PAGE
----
Based on those foregoing facts the trial commissioner concluded in his Finding and Award of May 18, 2006 that in the absence of the claimant achieving maximum medical improvement from his most recent surgery that the claimant remained eligible for § 31-308(a) benefits. He also denied the respondents’ request to reclassify the benefits as permanent partial disability. The respondents filed a Motion to Correct which was granted in part, but denied as to the requested correction concerning the 2005 surgery.2
The respondents appealed and claim it was legal error to award temporary partial benefits to the claimant after he had received an award for permanent partial disability. They cite two CRB cases, Angell v. Guida Seibert Dairy, 14 Conn. Workers’ Comp. Rev. Op. 7, 1836 CRB-1-93-9 (April 28,1995) and Antonucci v. Hartford, 5 Conn. Workers’ Comp. Rev. Op. 151, 511 CRD-1-86 (July 29, 1988) for the proposition that once the claimant ends his status of total disability, the specific award must resume. The claimant disagrees, and argues that the Angell and Antonucci cases involved the commutation of a specific award to a lump sum pursuant to § 31-302 C.G.S which did not occur in this case. We find the claimant’s perspective more persuasive.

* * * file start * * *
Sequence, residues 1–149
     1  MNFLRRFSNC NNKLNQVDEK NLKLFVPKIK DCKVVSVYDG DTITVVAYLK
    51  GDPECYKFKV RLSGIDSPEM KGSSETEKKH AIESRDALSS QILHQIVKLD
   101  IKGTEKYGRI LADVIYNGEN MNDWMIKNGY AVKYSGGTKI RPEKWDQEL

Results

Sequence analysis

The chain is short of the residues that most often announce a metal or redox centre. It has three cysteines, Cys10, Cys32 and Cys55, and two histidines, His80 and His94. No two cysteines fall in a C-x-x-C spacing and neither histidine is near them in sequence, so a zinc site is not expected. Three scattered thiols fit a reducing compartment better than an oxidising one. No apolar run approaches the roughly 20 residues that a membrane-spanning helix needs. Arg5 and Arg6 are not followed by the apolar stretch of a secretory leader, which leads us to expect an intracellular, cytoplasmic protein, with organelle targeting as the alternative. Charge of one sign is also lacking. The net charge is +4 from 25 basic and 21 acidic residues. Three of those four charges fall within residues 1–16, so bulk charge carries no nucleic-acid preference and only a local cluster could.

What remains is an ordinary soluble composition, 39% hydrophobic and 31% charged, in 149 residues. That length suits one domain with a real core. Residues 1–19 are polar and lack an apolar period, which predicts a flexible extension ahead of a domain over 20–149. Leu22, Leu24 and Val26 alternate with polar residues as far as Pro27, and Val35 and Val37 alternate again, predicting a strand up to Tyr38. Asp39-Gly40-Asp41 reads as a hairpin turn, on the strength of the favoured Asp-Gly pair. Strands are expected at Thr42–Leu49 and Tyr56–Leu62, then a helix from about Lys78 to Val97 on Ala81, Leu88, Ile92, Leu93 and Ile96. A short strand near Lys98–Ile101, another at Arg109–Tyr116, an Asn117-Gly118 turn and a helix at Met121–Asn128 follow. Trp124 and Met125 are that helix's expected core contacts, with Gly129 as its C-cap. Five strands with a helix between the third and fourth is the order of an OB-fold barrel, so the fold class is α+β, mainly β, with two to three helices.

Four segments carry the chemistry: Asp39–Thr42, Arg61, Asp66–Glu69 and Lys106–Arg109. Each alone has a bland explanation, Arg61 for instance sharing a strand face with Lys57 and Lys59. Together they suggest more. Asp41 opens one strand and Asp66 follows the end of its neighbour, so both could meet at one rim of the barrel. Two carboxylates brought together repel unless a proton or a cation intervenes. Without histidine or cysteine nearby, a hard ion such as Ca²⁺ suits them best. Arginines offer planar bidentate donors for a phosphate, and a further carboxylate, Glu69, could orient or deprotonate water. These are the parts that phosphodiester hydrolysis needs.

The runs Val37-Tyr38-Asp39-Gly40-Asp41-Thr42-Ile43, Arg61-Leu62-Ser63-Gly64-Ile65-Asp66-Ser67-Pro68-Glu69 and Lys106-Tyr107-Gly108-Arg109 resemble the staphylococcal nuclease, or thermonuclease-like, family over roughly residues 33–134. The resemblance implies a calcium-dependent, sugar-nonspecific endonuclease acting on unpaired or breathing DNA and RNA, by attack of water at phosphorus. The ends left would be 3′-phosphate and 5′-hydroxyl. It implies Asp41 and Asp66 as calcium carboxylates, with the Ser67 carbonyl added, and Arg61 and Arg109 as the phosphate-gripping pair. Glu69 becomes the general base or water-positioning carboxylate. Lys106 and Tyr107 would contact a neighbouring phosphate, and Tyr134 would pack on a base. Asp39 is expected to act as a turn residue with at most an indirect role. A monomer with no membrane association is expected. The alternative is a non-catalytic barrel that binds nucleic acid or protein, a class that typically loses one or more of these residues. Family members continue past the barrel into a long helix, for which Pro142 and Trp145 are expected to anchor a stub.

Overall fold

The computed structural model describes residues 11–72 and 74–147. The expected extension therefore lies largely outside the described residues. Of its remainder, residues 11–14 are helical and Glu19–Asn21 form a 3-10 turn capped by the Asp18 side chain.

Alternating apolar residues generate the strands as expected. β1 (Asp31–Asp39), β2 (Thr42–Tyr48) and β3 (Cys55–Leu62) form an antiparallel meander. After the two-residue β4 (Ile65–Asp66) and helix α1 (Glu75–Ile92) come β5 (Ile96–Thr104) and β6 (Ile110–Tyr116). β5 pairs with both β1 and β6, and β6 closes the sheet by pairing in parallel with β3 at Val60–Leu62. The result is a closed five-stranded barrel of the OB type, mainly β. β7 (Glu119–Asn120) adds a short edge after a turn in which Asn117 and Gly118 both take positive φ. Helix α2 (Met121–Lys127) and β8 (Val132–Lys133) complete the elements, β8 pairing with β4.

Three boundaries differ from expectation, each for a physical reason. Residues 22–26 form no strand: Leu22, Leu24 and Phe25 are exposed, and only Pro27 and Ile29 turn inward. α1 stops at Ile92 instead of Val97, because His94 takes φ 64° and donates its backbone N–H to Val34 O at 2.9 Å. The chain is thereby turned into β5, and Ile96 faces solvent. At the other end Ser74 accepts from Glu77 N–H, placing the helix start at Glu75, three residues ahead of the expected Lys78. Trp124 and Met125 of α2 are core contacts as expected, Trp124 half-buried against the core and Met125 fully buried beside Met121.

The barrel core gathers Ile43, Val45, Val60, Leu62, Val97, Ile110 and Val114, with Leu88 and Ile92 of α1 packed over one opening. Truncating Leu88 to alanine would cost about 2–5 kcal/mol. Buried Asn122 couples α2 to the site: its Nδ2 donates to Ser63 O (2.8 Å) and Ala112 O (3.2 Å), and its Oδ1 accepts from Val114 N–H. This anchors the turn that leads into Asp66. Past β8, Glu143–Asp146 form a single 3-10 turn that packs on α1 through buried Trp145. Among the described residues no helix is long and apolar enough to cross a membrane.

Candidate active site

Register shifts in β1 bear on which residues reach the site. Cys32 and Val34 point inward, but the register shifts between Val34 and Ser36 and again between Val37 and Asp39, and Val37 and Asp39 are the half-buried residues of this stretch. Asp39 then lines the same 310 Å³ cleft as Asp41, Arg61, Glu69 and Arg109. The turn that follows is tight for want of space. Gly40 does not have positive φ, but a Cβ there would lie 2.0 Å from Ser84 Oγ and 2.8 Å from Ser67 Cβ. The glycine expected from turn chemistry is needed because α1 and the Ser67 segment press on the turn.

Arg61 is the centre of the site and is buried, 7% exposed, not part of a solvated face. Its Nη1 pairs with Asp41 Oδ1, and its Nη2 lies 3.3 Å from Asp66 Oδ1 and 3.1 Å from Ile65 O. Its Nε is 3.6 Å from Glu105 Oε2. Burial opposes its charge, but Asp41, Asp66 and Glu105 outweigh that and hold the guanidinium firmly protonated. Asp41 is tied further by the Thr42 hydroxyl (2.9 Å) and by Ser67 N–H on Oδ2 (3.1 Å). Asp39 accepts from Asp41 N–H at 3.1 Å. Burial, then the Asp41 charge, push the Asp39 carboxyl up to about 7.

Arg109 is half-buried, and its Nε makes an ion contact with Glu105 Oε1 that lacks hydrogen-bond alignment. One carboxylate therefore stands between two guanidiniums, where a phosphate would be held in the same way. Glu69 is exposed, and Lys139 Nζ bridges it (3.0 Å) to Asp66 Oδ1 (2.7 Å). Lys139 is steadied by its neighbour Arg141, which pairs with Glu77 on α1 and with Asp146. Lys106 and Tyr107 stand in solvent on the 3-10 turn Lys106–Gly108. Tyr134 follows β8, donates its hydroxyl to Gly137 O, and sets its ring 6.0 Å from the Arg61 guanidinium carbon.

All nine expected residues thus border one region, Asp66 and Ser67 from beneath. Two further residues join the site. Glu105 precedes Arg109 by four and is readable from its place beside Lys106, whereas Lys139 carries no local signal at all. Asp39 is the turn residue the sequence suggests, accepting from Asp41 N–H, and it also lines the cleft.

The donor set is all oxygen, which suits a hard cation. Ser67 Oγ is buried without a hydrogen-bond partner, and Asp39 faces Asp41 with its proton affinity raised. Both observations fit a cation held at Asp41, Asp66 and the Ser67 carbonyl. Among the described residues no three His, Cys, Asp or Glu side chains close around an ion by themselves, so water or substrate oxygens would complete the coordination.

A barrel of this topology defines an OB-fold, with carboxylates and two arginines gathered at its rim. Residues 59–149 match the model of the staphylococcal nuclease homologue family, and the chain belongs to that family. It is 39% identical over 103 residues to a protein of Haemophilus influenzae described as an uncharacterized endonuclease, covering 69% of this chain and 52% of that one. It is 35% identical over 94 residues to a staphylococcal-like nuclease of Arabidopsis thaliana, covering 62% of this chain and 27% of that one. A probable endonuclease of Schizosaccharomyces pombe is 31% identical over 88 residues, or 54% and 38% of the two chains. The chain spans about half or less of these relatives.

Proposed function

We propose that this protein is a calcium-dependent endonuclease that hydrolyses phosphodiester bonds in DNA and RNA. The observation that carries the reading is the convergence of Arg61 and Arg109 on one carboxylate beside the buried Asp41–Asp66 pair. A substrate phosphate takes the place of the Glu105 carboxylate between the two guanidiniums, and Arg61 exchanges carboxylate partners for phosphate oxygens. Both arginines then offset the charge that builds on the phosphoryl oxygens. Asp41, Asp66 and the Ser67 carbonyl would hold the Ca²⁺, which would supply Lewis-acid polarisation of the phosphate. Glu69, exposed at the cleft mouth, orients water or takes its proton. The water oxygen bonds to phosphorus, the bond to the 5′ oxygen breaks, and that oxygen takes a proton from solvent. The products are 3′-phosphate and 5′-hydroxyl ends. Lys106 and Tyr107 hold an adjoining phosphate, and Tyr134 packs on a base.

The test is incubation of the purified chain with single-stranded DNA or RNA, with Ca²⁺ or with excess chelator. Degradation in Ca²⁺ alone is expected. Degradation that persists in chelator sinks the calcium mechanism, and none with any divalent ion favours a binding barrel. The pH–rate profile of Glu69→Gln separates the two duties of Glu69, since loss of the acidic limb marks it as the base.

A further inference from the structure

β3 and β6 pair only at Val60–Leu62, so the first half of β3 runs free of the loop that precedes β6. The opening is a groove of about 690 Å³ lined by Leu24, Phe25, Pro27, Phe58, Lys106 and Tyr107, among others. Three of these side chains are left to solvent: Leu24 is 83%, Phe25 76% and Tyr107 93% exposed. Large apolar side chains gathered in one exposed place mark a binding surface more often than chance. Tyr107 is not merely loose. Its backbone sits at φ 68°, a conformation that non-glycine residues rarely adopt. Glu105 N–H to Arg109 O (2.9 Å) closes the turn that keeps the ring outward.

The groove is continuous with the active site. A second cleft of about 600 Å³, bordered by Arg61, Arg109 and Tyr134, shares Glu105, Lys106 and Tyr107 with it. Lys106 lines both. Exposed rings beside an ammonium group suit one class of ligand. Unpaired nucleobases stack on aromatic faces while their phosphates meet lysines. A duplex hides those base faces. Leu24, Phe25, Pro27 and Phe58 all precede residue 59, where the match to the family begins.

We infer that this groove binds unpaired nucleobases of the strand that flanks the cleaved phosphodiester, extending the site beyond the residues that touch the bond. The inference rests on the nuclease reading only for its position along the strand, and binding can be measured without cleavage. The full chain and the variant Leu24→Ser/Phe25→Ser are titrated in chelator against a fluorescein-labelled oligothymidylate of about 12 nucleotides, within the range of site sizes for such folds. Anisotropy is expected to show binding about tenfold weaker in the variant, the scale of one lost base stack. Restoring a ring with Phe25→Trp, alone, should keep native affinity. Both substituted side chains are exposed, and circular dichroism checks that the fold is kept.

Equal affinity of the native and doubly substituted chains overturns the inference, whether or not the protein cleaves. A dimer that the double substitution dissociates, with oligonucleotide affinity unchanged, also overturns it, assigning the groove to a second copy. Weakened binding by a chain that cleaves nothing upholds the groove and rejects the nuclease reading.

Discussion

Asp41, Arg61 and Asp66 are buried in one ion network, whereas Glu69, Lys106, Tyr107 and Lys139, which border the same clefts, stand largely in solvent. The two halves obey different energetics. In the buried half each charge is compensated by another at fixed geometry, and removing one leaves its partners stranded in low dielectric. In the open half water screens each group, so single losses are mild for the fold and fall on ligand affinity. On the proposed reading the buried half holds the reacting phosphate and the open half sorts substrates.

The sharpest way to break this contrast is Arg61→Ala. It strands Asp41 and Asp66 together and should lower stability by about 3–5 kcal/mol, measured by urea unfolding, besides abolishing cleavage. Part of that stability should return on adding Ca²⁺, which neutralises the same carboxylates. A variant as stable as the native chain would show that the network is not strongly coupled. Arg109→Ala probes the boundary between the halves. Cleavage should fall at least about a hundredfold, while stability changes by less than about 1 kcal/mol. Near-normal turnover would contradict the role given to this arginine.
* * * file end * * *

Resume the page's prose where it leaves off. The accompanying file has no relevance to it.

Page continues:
Our review of the Angell and Antonucci cases indicate that in both instances the original award for permanent disability had been commuted to a lump sum in accordance with § 31-302 C.G.S. The issue on appeal was how to account for the subsequent award under § 31-307 C.G.S. when the claimants in those cases later were adjudged totally disabled due to the original compensable injury. In Antonucci we directed the trial commissioner to “find out how many weeks of temporary total benefits are necessitated because of the change of condition and how great the permanent partial disability now is.” Id. Citing Antonucci the panel in Angell held that following the period of temporary total disability (which overlapped the commutation period) the unpaid balance of the permanent partial award would be “tacked on” and payable at that time.
The panel in Angell denied the claimant’s request in that matter to receive four weeks of § 31-308(a) C.G.S. benefits. This decision does not enunciate its legal reasoning besides reliance on Antonucci. We therefore believe it is necessary to consider other legal precedent that deals with the situation herein: an injured worker who has not returned to maximum medical improvement following a subsequent injury.
We believe the case of Boccuzzi v. Norwalk Courtyard Marriott, 4123 CRB-7-99-9 (October 11, 2000) is pertinent to the issue at hand. In Boccuzzi, the claimant suffered a re-injury to his back and shoulders. The respondents appealed an award asserting this situation impaired them from seeking apportionment against prior injuries. We pointed out that it would have been premature to seek apportionment as the claimant had not reached maximum medical improvement.